Uber and Lyft encourage NYC customers to oppose proposed ride-hail cap legislation

Uber is making calls to some of its customers in New York City, offering to connect them to local council members to express their opposition to the proposed legislation that would cap the number of ride-hailing drivers in the city, Buzzfeed first reported. Meanwhile, Lyft is also reaching out to its NYC-based riders, asking them to contact their local officials.

For context, the NYC city council is currently considering legislation that would limit the number of ride-hail drivers on the road. Specifically, the proposal wants to place a one-year hold on the issuance of new for-hire vehicle licenses, unless the vehicles are wheelchair accessible.

This legislation would affect Uber, Lyft, Juno and Via — all of which operate ride-hailing services in the city. The deadline to submit an amended version of the proposal is tonight at midnight, so the clock is ticking.

Anyway, some people seem to be a bit upset about receiving calls from Uber, but Uber Director of Public Affairs Jason Post told TechCrunch the calls are simply one of its tactics that is consistent with its terms of services.

Uber is not calling every single customer in the city, Post said, but the company is making enough calls to yield a few dozen calls per council member. Though, why people are answering calls from unknown numbers is beyond me.

Uber is also employing an in-app takeover that notifies passengers of the legislative landscape in NYC.

“Uber has launched an App takeover so New Yorkers can read the Council’s bills for themselves,” an Uber spokesperson said in a statement. “We believe New Yorkers will join us in supporting living wages for drivers and opposing a cap that will harm outer borough riders who have come to rely on Uber because of the unreliable, or non-existent subway.”

Lyft’s VP of public policy, Joseph Okpaku, also noted in a Medium post that the cap would have even worse effects on communities of color.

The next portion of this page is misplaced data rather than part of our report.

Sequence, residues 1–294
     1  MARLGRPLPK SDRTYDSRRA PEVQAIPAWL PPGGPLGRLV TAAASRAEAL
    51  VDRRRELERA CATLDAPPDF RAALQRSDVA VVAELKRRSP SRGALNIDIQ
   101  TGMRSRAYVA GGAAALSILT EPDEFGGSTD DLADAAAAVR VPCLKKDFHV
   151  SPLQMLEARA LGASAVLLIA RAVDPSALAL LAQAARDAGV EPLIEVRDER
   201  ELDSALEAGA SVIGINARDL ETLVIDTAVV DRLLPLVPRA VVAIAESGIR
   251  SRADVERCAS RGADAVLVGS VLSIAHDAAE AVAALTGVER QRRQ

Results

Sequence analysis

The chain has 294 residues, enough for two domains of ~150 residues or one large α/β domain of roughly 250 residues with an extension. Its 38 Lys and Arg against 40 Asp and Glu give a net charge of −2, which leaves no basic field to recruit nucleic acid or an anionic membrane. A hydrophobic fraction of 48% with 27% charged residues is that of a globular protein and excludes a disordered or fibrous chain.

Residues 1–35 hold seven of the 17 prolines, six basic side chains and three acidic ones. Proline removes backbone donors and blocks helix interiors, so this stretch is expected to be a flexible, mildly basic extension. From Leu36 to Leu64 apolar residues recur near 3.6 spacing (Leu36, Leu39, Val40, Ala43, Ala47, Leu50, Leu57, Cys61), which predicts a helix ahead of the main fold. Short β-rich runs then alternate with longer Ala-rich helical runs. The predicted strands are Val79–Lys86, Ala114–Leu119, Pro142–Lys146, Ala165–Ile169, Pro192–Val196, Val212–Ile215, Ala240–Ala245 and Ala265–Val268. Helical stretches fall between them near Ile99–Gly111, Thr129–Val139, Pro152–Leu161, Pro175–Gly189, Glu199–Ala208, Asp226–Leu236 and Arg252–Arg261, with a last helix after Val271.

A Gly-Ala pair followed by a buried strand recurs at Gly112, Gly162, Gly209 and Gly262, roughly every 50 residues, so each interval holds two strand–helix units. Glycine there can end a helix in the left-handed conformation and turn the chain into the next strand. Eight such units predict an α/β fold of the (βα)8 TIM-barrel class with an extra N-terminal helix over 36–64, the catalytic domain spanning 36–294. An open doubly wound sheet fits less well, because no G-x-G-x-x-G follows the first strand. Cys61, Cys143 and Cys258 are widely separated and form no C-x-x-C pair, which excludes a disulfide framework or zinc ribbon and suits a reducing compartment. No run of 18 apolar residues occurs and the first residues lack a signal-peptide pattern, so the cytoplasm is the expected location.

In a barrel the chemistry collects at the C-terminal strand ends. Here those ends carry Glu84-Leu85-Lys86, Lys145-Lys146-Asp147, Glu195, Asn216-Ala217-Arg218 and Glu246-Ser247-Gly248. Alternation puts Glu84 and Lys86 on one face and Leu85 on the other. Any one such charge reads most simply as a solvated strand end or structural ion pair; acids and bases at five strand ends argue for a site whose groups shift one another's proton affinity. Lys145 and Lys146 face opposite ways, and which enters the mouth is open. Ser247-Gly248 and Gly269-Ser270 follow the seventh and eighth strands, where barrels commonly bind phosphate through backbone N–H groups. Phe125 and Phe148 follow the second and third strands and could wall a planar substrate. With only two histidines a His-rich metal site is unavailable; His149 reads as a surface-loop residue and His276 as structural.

“For communities of color, who, before the arrival of ridesharing, were denied equal transportation options, the impact will be felt even more strongly,” he wrote. “It will return us to the days when African-American and Latino New Yorkers had to worry whether they would get a ride every time they raised their hand to hail a cab.”

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Four million people are using Apple’s OS betas

For the past few years, Apple has made early versions of its operating systems available to those willing to brave the bugs. Through its beta software program, anyone willing to deal with spotty battery life or a crash or three could load up pre-release builds of iOS, macOS, watchOS, or tvOS.

Ever wonder how many actually take advantage of it?

According to Tim Cook on today’s earnings call, over four million people are currently running on the betas.

Alas, that’s as detailed as he got. He didn’t break down which platforms had the most beta users (though I’d bet iOS or macOS lead the way), nor what percentage of that beta group was developers (accessing the beta to debug their apps before the update) vs consumers (who just want to poke around the new goods early.)

For reference: as of February of 2018, Apple had 1.3 billion active devices across Apple TV, iPhone, iPod Touch, iPad, and Mac. So if each of the users Tim Cook mentioned is running a beta OS on one device, that’s around 0.3% of active devices running on a beta.

While that percentage might not sound huge, having four million people happily stress test your software before you officially ship it is a rare stength that few other companies can claim. Still, Apple has had a few rather glaring bugs slip through the cracks; from the annoying but forgettable bug that borked the letter “i” in iOS for a few days, to more severe security issues like the root user bug discovered in macOS at the end of last year. Could Apple be doing more to encourage pre-release bug hunting?